• The ability to listen to and understand information and ideas presented through spoken words and sentences.
  • Deductive Reasoning
  • The ability to apply general rules to specific problems to produce answers that make sense.
  • Oral Expression
  • The ability to communicate information and ideas in speaking so others will understand.
  • Multilimb Coordination
  • The ability to coordinate two or more limbs (for example, two arms, two legs, or one leg and one arm) while sitting, standing, or lying down. It does not involve performing the activities while the whole body is in motion.
  • Static Strength
  • The ability to exert maximum muscle force to lift, push, pull, or carry objects.
  • Near Vision
  • The ability to see details at close range (within a few feet of the observer).
  • Speech Recognition
  • The ability to identify and understand the speech of another person.

Work Activities

  • Handling and Moving Objects
  • Using hands and arms in handling, installing, positioning, and moving materials, and manipulating things.
  • Performing General Physical Activities
  • Performing physical activities that require considerable use of your arms and legs and moving your whole body, such as climbing, lifting, balancing, walking, stooping, and handling of materials.
  • Inspecting Equipment, Structures, or Material
  • Inspecting equipment, structures, or materials to identify the cause of errors or other problems or defects.
  • Making Decisions and Solving Problems
  • Analyzing information and evaluating results to choose the best solution and solve problems.
  • Identifying Objects, Actions, and Events
  • Identifying information by categorizing, estimating, recognizing differences or similarities, and detecting changes in circumstances or events.
  • Operating Vehicles, Mechanized Devices, or Equipment
  • Running, maneuvering, navigating, or driving vehicles or mechanized equipment, such as forklifts, passenger vehicles, aircraft, or water craft.
  • Communicating with Supervisors, Peers, or Subordinates
  • Providing information to supervisors, co-workers, and subordinates by telephone, in written form, e-mail, or in person.
  • Controlling Machines and Processes
  • Using either control mechanisms or direct physical activity to operate machines or processes (not including computers or vehicles).
  • Monitor Processes, Materials, or Surroundings
  • Monitoring and reviewing information from materials, events, or the environment, to detect or assess problems.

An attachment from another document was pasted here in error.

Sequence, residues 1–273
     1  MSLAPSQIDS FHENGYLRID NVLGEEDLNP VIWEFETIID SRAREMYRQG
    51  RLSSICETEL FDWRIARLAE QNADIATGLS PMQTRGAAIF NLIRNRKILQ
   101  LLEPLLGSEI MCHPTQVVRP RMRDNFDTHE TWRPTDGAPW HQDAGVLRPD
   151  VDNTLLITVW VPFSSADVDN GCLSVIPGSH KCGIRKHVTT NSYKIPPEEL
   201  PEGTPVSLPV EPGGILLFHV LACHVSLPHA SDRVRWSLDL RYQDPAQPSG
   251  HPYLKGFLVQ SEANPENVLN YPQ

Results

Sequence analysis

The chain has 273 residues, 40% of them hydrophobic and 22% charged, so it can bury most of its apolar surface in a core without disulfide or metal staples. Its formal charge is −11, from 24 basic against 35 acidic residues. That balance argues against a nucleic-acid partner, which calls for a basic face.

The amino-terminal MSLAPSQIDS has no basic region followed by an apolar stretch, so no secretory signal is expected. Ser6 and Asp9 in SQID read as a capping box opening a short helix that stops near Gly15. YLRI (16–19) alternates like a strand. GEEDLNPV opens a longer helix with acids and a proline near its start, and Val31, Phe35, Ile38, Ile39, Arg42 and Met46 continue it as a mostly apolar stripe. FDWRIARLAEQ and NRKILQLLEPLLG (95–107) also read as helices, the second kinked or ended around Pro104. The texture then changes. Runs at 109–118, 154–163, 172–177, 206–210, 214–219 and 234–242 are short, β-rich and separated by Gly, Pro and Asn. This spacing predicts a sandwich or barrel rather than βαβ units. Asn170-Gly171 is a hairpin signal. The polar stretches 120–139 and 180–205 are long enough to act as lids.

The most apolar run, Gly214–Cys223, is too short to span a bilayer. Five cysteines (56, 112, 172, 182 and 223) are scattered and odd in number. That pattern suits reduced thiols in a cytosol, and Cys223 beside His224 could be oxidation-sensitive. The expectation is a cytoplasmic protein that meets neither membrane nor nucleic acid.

• Repairing and Maintaining Mechanical Equipment
  • Servicing, repairing, adjusting, and testing machines, devices, moving parts, and equipment that operate primarily on the basis of mechanical (not electronic) principles.

Interests

  • Realistic
  • Realistic occupations frequently involve work activities that include practical, hands-on problems and solutions. They often deal with plants, animals, and real-world materials like wood, tools, and machinery. Many of the occupations require working outside, and do not involve a lot of paperwork or working closely with others.
  • Conventional
  • Conventional occupations frequently involve following set procedures and routines. These occupations can include working with data and details more than with ideas. Usually there is a clear line of authority to follow.
  • Investigative
  • Investigative occupations frequently involve working with ideas, and require an extensive amount of thinking. These occupations can involve searching for facts and figuring out problems mentally.
  • Enterprising
  • Enterprising occupations frequently involve starting up and carrying out projects. These occupations can involve leading people and making many decisions. Sometimes they require risk taking and often deal with business.
  • Artistic
  • Artistic occupations frequently involve working with forms, designs and patterns. They often require self-expression and the work can be done without following a clear set of rules.
  • Social
  • Social occupations frequently involve working with, communicating with, and teaching people. These occupations often involve helping or providing service to others.
  • First Interest High-Point
  • Primary-Rank Descriptiveness
  • Second Interest High-Point
  • Secondary-Cutoff/Rank Descriptiveness
  • Third Interest High-Point
  • Tertiary-Cutoff/Rank Descriptiveness

Work Styles

  • Dependability
  • Job requires being reliable, responsible, and dependable, and fulfilling obligations.
  • Integrity
  • Job requires being honest and ethical.
  • Cooperation
  • Job requires being pleasant with others on the job and displaying a good-natured, cooperative attitude.
  • Attention to Detail
  • Job requires being careful about detail and thorough in completing work tasks.
  • Independence
  • Job requires developing one's own ways of doing things, guiding oneself with little or no supervision, and depending on oneself to get things done.
  • Self Control
  • Job requires maintaining composure, keeping emotions in check, controlling anger, and avoiding aggressive behavior, even in very difficult situations.
  • Adaptability/Flexibility
  • Job requires being open to change (positive or negative) and to considerable variety in the workplace.
  • Initiative
  • Job requires a willingness to take on responsibilities and challenges.
  • Leadership
  • Job requires a willingness to lead, take charge, and offer opinions and direction.
  • Concern for Others
  • Job requires being sensitive to others' needs and feelings and being understanding and helpful on the job.